Sunday, March 1, 2009


If you are reading Always, Rachel, add your comments here.


  1. I perceive a strong current of loneliness and isolation throughout the letters, which makes Dorothy's friendship so important to Rachel. She writes of the "crushing burden" of creative work and how Dorothy sustains her. This feeling comes across in her nature writing too--at least in what I've read so far. The writing is beautiful, breathtaking in its appreciation and awe of the inter-relationships of nature. But behind that is a wistfulness, a longing. I've often thought that many nature writers and other people well known for their connection to nature as well as their creative work, seem set apart from human society in some way. I'm thinking of Diane Fosse, who had many human interactions, but found peace only with her gorilla "family," and voluntary separation from "desperate" society was a running theme through Thoreau's work. I think this is one reason I'm so drawn to nature writers and nature myself. Is this a characteristic of most nature lovers?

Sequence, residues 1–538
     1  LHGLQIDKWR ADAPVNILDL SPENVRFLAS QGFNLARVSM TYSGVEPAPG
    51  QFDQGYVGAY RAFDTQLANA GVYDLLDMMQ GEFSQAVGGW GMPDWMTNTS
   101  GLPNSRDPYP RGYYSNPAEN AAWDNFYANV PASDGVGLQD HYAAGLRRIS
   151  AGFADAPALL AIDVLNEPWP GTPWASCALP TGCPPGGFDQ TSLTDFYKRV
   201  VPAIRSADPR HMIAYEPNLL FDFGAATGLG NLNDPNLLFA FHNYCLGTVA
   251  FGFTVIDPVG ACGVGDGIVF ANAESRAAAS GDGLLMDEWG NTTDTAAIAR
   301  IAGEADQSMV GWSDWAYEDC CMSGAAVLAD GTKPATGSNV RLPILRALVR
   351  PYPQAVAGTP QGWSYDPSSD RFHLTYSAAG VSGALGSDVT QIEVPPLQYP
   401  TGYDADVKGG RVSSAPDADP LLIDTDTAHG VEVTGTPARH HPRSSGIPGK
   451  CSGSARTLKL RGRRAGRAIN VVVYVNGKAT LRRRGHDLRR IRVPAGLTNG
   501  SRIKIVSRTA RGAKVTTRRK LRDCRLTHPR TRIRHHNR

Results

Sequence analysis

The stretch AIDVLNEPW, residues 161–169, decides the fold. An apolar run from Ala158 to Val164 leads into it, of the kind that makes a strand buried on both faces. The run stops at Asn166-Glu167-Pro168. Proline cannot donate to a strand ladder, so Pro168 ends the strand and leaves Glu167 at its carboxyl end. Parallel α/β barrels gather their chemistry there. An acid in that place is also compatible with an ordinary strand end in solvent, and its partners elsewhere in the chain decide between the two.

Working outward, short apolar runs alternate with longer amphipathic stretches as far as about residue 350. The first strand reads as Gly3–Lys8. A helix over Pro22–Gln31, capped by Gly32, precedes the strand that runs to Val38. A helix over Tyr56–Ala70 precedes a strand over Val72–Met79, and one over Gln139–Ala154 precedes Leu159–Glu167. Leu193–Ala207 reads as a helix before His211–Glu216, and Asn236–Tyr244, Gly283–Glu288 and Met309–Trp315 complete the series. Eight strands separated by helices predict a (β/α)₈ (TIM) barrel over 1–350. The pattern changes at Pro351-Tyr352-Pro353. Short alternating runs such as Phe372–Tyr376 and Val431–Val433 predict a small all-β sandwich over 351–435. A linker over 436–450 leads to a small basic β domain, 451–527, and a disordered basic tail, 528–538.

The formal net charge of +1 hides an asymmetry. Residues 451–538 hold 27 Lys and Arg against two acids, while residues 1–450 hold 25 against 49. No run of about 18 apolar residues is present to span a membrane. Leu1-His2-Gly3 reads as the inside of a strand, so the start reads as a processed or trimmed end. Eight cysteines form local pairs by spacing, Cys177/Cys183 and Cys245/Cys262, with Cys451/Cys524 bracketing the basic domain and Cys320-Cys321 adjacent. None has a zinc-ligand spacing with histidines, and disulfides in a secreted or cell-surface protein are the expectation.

2. This resonates with me: From letter to Dorothy Nov 4, 1957
    " I consider my contributions to scientific fact far less important than my attempts to awaken an emotional response to the world of nature."
    Anyone else? Hello are you out there?